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Marshfield Clinic Research Foundation

anger

The degree of conflict a person believes there was between him/herself and his/her partner in a romantic relationship within a specified period of time is measured with five items.

How positively or negatively a person feels about an object is measured with ten, five-point items.  Unlike many, if not most, measures of affect, the items in this scale are full sentences rather than semantic differentials.  The sentences are easily modified for a variety of objects.

Five, seven-point Likert-type items are used to measure the degree to which a person expresses the desire to engage in behaviors that would damage a brand as well as stores and employees that sell the product.

The four statements composing the scale measure the degree to which a customer expresses irritation with employees of a retail establishment for something they have done.  A specific, offending behavior is only referred to in one item and has to do with the belief that the employees were trying to close the facility too early.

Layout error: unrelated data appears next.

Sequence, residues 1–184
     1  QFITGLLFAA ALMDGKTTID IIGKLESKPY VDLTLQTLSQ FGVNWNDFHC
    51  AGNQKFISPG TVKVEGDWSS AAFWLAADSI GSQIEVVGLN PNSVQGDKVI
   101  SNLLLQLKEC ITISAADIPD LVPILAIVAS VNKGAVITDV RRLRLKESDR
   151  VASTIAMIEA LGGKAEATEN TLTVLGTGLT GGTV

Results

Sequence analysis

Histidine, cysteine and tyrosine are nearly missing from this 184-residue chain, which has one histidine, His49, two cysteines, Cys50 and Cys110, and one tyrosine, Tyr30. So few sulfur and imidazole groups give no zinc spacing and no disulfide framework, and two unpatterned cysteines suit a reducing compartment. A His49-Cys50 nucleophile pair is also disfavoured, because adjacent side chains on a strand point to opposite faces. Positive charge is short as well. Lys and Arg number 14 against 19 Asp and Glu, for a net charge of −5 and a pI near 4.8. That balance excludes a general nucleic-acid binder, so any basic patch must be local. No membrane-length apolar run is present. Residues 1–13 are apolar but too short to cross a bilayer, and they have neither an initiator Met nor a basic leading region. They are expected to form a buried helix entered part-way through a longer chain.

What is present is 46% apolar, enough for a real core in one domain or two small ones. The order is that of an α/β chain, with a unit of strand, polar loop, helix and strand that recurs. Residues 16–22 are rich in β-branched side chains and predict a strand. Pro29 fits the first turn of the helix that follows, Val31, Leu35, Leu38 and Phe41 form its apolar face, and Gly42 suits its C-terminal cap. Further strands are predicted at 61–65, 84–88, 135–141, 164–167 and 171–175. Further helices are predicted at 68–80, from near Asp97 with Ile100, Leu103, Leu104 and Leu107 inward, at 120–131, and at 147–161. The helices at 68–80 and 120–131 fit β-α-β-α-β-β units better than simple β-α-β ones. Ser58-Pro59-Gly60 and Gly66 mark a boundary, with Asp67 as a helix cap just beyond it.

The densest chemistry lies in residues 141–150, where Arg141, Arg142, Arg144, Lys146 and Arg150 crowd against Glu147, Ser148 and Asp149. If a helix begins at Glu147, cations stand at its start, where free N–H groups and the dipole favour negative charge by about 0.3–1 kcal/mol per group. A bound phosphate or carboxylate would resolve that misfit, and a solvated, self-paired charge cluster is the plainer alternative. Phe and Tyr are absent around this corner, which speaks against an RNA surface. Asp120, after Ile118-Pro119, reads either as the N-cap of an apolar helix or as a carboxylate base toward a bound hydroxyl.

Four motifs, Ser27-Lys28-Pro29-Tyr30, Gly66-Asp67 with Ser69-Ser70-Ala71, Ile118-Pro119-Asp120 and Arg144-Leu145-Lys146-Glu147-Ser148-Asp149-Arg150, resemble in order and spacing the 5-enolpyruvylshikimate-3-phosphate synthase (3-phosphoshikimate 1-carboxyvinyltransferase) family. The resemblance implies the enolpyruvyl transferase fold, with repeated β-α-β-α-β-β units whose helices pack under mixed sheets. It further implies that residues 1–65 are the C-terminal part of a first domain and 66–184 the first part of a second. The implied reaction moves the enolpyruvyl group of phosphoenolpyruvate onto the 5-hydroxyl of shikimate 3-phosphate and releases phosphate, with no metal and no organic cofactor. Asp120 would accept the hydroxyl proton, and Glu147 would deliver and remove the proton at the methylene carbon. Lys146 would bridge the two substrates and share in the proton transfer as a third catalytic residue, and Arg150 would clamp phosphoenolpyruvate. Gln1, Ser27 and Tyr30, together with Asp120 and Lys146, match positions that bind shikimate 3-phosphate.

Using four, uni-polar items, the scale measures the extent to which a person experienced feelings of resentment and outrage during a particular event.

A person's level of annoyance and possibly anger with another person or action is measured with three, nine-point semantic-differentials.

Four, eight-point items are used to measure how much a person felt free making a particular decision and how negatively he/she feels when freedom of choice is restricted.

A person's strong negative reaction to a decision or action taken by a church is measured using three, seven-point Likert-type items.  Although two of the items use the term "church," they could be easily modified for use with a variety of organizations, religious or not.

The scale uses three, seven-point Likert-type items to measure the level of anger a person typically experiences upon learning that a person or group of people have been hurt in some way by others.

The three, seven-point Likert-type items appear to measure more than just how mad a person is about something.  The emphasis of the items is on an extreme form of anger.  It was referred to as outrage by Gelbrich (2011).